The Turquoise Trail

On July 17 our route took us through Taos, where we stopped at Ranchos de Taos to see the San Francisco de Asis Catholic Mission Church; always a notable stop with the abode buttresses and surrounding architecture providing plenty of photo opportunities in both color and black and white.

Then we passed through Santa Fe, making a brief stop for ice cream. On consulting the map we notice an alternate route, so rather than blasting through on I25 we headed for Highway 14, also known as the Turquoise Trail. The drive took us through several small towns. We stopped Los Cerrillos, where we explored the grounds of the church and some of the colorful buildings around town. The town was very quiet during our visit, but it was clear that a number of art galleries and artists would make this a busy spot when tourists are out.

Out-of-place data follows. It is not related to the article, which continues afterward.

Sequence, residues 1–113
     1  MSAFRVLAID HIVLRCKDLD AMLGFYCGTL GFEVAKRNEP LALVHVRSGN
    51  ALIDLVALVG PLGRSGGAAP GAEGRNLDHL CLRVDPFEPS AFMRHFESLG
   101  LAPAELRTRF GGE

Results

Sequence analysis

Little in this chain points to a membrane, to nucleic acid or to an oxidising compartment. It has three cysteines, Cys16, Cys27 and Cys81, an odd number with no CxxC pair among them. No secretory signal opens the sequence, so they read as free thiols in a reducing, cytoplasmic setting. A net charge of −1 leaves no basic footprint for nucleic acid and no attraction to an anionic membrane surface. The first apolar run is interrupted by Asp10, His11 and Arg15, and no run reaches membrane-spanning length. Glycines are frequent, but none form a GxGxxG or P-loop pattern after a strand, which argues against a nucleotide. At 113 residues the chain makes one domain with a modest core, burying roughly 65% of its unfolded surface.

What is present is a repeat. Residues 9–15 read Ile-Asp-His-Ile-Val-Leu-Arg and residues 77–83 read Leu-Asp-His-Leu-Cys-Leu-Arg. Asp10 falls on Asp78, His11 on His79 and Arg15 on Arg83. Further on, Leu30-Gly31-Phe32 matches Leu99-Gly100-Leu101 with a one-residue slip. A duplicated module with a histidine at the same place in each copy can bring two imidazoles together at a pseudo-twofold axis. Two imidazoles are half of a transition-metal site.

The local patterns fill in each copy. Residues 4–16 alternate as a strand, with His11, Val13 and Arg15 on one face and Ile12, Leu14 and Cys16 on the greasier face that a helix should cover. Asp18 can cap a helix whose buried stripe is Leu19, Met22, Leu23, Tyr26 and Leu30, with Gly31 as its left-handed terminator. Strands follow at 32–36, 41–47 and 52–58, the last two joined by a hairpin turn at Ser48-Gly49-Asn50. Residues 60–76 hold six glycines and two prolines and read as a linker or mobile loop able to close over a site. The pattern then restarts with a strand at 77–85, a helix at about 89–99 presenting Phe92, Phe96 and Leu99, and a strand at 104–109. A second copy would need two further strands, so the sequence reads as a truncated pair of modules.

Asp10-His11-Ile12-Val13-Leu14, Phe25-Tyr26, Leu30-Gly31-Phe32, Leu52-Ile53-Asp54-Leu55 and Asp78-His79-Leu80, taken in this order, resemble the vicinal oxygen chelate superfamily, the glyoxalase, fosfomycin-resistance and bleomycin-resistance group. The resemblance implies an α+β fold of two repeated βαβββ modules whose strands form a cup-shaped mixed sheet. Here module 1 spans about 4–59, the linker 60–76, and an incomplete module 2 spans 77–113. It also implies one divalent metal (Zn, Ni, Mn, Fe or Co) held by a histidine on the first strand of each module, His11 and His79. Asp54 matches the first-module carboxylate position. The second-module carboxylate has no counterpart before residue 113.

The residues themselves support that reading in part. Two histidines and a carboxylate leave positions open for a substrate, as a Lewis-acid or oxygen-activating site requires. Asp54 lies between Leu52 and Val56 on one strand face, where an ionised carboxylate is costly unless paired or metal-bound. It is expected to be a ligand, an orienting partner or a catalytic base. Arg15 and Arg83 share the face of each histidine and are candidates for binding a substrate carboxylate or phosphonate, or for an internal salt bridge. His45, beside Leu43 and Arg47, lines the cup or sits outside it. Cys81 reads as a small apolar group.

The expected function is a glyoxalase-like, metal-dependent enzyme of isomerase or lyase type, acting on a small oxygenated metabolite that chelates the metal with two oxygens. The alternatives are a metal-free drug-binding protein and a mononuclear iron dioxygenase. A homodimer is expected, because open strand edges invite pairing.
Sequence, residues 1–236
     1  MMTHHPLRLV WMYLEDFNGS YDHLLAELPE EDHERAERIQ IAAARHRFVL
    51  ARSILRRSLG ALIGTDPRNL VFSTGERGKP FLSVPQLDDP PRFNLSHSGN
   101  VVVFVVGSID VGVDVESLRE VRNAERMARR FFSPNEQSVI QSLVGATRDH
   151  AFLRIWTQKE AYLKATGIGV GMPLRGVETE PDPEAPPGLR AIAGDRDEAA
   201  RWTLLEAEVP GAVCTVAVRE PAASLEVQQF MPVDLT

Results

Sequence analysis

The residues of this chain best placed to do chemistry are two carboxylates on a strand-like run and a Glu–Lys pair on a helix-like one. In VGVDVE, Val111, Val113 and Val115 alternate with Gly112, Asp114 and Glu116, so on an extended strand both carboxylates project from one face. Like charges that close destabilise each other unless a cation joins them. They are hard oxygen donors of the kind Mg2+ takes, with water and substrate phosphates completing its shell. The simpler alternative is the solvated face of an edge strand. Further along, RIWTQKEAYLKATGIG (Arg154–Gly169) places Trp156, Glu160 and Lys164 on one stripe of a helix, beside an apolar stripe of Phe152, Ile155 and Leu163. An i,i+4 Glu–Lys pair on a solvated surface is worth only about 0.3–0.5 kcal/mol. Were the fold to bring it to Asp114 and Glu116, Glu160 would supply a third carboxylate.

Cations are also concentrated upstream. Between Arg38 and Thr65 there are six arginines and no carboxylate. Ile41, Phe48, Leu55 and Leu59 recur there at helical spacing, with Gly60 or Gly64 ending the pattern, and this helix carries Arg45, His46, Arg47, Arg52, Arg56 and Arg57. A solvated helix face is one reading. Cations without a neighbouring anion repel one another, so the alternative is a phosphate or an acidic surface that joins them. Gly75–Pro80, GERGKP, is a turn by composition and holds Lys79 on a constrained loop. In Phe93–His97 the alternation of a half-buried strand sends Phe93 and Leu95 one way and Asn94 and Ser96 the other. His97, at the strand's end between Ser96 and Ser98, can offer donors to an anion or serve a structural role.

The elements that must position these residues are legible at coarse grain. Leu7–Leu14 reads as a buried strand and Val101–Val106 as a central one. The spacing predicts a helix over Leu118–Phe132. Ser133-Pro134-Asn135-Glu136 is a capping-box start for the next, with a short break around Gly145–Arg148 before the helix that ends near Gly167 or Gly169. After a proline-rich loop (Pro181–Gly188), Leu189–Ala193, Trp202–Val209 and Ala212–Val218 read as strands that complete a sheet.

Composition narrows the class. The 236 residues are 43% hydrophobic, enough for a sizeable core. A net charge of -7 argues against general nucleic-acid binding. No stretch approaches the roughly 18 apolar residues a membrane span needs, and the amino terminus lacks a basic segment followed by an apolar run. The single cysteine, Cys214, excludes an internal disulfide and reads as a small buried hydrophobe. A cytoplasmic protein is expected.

We had to to a double take as we passed a herd of colorful origami horses. Having driven past we had to do a U-turn to take a closer look; something that’s not uncommon, and one of the reasons we like the less travelled routes. I wouldn’t even think about doubling back if we were on a four lane divided highway. The Outside the Box Studio was closed, but we had a clear view to look over the barbed wire fence.

Continuing on we were struck by a small church near Golden, and again stopped to take a few photos.

Then it was back on the main highway, I25 to make our way through Albuquerque and on to our camp site for at The Golden Rose Ranch near Prewitt New Mexico.

Author: treve

When I'm not creating architectural photos for clients (see my primary website at www.treve.com), I like to travel, hike, kayak and enjoy other artistic and cultural pursuits. I'm also concerned about environmental and social issues and issues of faith.

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